For The Mathematician, Julia Cybularz catalogs the life of her cousin Slaweck Kosmala, a developmentally delayed man of 40 years who has dealt with schizophrenia for 16 years. Slaweck is a Polish emigrant, but within his mother’s house in northeast Philadelphia, he has carved out a world all his own. Cybularz, immersing herself in her cousin’s obsessive mathematical calculations, presents Slawek’s inner landscape, one he has agreed to share with her.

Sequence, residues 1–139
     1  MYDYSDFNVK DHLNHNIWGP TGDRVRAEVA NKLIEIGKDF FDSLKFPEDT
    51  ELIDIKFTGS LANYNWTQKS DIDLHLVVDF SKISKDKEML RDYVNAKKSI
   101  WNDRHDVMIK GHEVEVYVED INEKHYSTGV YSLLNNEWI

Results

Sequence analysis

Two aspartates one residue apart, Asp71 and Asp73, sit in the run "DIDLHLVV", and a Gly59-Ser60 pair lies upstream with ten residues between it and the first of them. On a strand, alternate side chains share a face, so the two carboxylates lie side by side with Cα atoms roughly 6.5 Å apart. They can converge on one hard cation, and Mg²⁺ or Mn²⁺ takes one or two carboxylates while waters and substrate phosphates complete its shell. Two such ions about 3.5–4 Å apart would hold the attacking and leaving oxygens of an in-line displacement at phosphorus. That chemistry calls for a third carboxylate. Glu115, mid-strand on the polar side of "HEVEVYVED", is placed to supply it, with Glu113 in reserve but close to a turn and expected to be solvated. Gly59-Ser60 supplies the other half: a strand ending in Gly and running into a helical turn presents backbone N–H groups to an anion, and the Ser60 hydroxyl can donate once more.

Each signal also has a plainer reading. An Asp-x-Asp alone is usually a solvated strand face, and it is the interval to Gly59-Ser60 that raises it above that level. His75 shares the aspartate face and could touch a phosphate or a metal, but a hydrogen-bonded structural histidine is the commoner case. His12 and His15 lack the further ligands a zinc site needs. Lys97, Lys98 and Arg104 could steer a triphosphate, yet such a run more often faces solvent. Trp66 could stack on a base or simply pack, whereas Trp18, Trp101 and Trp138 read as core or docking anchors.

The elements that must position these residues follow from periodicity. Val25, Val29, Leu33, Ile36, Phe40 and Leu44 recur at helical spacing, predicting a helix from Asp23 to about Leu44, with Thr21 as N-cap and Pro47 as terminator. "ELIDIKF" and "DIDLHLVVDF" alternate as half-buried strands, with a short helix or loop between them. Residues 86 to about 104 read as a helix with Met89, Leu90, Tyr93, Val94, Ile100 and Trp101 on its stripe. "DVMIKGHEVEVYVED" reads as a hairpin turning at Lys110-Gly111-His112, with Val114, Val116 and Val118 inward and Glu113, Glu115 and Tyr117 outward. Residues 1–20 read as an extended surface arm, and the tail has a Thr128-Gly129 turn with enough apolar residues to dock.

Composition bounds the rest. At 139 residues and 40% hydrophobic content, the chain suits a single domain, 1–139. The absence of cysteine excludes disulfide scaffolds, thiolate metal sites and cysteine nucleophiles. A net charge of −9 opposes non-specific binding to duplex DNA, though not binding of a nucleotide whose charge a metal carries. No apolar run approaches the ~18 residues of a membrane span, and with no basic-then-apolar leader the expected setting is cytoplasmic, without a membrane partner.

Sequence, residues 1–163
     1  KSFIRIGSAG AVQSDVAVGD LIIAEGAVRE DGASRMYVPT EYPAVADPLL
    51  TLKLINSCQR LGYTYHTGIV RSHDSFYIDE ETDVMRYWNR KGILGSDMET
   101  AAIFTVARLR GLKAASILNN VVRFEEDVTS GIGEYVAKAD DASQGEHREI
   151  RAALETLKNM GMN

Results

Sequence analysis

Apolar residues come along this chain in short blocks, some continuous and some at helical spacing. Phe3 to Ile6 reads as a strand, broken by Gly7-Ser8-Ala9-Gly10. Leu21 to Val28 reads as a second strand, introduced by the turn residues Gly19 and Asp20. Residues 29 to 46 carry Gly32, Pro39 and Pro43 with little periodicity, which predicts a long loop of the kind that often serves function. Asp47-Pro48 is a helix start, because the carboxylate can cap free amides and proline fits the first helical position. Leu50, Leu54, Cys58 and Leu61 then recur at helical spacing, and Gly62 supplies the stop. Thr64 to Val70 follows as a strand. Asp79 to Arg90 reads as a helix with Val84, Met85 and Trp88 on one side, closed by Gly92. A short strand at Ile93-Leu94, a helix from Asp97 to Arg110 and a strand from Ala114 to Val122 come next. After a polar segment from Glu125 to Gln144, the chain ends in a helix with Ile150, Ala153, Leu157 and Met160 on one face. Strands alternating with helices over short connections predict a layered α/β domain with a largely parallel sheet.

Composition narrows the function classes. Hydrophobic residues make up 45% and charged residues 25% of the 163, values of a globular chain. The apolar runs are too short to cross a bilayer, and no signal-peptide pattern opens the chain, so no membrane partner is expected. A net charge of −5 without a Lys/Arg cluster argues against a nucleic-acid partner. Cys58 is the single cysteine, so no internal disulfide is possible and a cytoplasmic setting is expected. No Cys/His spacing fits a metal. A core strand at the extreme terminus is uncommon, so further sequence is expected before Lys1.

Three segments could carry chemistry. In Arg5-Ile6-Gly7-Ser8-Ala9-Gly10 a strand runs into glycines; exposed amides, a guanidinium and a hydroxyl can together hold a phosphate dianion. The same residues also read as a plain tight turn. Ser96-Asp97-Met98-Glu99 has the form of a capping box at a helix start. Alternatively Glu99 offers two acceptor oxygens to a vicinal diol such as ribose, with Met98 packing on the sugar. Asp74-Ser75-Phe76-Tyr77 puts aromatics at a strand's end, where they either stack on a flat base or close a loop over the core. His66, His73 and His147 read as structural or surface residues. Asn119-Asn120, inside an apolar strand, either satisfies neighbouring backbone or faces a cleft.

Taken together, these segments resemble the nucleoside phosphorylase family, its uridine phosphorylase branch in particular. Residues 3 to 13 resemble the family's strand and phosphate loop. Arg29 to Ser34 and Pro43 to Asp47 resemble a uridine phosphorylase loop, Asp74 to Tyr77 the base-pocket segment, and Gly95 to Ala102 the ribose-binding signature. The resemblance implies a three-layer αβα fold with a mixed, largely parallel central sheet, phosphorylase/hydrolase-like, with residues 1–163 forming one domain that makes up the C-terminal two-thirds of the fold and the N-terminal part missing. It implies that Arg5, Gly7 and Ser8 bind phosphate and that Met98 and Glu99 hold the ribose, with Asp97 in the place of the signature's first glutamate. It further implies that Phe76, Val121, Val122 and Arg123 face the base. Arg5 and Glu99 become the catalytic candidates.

The intimate portraits are colored with a kind of loneliness; Slaweck cleaves to a fallen tree, or he stands over the body of a sleeping girl in a pose that resembles one of mourning, waiting for his companion to wake. The natural world, a field or a pool littered with leaves, gape back at him, the vast empty space filling with his private thoughts. In Cybularz’s images, fragments of the self are revealed: a delicate chain necklace, an American flag t-shirt, a religious image hung slightly off center, a painting that was never removed from its cardboard packaging. Through Slaweck’s eyes, we are invited to recognize the value of those tiny, banal moments which we take for granted, to seek genuine intimacy and human connection in the details.